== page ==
In the past months the far right has started to show its red and yellow colours and they are getting brighter. They have always been there, the Falagalists, Franco’s followers, still have their Café Pepe, yearly gatherings at they Valley of the Fallen and some still vote for the Partido Popular (PP), as there are no major right wing parties. The PP had historic connections with Franco’s former government.
The PP have opposed all motions and moves to deal with the history of the Spanish Civil war. They have tried to stop persecutions of old war criminals and stopped funding all work on the unmarked mass graves from the Civil war. Amnesty International say Spain is the second country in the world with the most unmarked mass graves, the first is Cambodia.
Following the Catalan Crisis (see my view here) nationalism in Spain was at an all-time high. Red and yellow wrist bands on everyone and a national dislike for anyone who criticised Spain and suggested that any region could break off.
Vox, a far-right party, attended the Spanish National day, October 12th, in Barcelona in the mist of the 2017 Catalan independence crisis there. There were also small right groups meetings with Hitler memorabilia. Some of the Vox crowd got into scuffles with the local police, Mossos, and some anarchy groups. Maybe they forgot how strong the anarchy movement has always been in Barcelona. Despite this, Vox’s membership grew by 20% following the Catalan Independence Referendum.
So, if the far right is to rise in Spain it will not be like the UK, Italy or Germany. It will not be mainly against immigration or the EU, it will be against their fellow countrymen. It will play on a United Spain, something right-wing parties are already trying to do. Cuidudanos, a right wing party, would like to be Spain’s equivalent to France’s Macron. How I hope this does not work out.
If the acceptance of refugees, that have been rejected by Italy, continues I’m sure the right will find a way to weaponise this against the left. PSOE, Socialist party, must be very careful how they manage the government at this time.
Where do we stand
Many people already want elections as they feel PSOE are not a democratically elected party. Cuidudanos were recently riding high in the polls on the wave of nationalism and after the downfall of Rajoy the PP are looking to re-brand with a new leader.
On the left, Podemos are fluttering in the wind, feeling lost after being cast aside by Pedro Sanchez, the new PSOE Prime Minister, following a motion of no confidence to snatch power from the PP. Since taking office Pedro Sanchez has done well. Playing from the books of Canadians Prime minister Justin Trudeau, he has cleverly chosen a dynamic cabinet. A pro union Catalan interior minister, an astronaut as Science minister and over 50% of the cabinet are women.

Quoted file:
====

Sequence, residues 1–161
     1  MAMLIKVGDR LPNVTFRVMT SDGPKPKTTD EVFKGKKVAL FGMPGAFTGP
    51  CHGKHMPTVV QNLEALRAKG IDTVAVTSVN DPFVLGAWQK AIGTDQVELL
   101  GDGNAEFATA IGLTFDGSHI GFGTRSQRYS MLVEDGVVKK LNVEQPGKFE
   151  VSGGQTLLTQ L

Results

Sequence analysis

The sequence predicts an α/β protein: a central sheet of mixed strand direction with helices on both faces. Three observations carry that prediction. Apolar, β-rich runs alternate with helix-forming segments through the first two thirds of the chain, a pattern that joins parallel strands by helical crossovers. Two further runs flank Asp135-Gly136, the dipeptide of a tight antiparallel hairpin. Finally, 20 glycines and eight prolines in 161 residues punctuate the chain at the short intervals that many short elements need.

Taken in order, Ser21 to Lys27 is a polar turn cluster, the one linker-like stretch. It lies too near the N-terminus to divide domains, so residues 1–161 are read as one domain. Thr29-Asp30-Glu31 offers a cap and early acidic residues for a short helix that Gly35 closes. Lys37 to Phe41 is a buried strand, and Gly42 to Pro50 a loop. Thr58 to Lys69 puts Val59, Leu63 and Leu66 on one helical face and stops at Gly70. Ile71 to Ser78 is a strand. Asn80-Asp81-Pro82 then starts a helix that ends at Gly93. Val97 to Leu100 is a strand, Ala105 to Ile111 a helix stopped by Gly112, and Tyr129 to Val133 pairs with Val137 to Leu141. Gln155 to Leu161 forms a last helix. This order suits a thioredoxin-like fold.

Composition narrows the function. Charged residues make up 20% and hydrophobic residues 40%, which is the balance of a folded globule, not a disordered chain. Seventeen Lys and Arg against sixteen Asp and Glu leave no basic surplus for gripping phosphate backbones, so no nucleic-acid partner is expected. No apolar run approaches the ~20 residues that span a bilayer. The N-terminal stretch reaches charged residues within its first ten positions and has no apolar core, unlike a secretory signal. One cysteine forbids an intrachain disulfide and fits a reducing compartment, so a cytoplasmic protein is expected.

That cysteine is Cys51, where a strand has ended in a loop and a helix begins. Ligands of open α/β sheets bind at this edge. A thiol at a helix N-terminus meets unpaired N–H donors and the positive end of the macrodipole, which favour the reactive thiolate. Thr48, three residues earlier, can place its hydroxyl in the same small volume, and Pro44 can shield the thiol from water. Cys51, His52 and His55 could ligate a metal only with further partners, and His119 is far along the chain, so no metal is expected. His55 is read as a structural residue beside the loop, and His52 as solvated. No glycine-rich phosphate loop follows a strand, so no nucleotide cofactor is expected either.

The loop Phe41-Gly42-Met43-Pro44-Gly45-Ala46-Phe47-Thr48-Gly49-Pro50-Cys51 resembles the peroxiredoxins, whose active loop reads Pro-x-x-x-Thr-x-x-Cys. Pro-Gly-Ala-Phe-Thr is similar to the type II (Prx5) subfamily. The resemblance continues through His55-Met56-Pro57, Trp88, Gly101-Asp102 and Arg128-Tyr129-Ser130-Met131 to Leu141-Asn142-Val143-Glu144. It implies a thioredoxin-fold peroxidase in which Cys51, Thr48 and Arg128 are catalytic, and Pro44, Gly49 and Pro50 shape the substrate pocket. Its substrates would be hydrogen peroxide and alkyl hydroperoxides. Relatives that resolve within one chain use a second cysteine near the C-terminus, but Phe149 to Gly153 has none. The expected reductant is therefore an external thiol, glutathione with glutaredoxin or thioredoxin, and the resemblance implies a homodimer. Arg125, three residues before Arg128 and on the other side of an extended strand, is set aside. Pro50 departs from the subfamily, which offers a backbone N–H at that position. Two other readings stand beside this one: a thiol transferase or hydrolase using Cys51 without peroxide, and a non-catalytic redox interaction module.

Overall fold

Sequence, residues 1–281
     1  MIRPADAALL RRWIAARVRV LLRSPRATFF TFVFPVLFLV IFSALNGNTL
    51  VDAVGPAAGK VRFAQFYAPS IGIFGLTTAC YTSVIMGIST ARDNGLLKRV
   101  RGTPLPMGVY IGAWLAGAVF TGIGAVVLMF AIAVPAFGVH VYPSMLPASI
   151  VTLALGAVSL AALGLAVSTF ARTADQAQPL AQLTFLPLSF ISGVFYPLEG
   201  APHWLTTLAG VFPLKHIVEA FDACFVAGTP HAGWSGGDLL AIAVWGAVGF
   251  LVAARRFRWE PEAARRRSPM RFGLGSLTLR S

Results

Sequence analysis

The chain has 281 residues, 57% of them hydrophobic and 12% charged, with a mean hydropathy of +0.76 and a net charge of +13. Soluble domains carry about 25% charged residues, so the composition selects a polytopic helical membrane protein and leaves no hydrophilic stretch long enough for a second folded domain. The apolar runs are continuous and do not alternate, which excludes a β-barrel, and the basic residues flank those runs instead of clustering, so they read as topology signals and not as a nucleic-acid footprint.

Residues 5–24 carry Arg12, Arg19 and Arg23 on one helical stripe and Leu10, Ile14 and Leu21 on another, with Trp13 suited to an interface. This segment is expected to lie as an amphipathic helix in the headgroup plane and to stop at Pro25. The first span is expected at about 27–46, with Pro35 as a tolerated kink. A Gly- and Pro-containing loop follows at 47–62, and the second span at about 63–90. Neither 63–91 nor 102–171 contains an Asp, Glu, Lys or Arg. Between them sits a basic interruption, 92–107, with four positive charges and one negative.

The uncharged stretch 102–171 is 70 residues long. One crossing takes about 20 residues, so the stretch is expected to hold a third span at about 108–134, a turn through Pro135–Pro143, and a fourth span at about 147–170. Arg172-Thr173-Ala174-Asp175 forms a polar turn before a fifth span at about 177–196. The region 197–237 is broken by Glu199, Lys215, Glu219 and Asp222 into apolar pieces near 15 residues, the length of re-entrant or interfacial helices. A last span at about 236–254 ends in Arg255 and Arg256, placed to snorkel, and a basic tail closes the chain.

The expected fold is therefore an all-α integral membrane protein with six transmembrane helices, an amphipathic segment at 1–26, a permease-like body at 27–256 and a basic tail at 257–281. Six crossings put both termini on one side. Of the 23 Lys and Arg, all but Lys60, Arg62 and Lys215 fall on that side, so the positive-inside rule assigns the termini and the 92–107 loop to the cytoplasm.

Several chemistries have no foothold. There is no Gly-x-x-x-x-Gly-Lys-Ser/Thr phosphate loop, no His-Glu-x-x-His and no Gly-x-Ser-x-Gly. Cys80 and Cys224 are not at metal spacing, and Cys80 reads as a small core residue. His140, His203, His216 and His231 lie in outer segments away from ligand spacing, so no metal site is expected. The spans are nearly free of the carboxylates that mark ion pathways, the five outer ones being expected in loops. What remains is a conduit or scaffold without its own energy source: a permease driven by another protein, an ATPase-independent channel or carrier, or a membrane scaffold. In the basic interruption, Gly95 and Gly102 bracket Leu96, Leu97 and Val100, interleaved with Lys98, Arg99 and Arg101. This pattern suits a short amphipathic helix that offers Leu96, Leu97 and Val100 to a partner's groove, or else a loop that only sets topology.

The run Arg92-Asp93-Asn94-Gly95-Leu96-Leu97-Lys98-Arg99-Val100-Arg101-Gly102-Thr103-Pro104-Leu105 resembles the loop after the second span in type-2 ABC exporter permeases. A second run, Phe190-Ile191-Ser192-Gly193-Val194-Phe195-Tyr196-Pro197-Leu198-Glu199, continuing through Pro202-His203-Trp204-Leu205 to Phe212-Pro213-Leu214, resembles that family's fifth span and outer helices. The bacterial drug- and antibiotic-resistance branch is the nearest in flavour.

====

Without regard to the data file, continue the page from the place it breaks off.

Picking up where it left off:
Despite this well-played cabinet appointment and accepting 2 boats of refugees after Italy refused to accept them, Pedro Sanchez needs to be careful. The decision to remove Franco’s body from the Valley of the Fallen is welcomed by many- but it is seen as controversial by most.
Also they have just announced that they want to open a ‘truth investigation’ into the Civil War. They are planning to document the mass graves and to create a census of all victims from the war. They want to remove all street names that glorify this period and they will also look for the bodies of the people killed after the war, during the dictatorship. This work was started when they were last in government but the PP put a stop to it.
These things are likely to heat up debate in Spain, with the Catalan Independence and the history of the Civil war coming to the surface, anything could happen. I hope and believe Spain is strong enough and liberal enough to resist the poisoned fruits of the far right and reject the politics of yester year.
If Spanish politics has taught us anything over the past 5 years, it is that anything can happen. The rise and fall of Podemos, the Crash of the PP and the well-balanced PSOE- it could all change in a week.
Just because it has happened here before it doesn’t mean that it can not happen again- Look at Italy, Poland and Austria.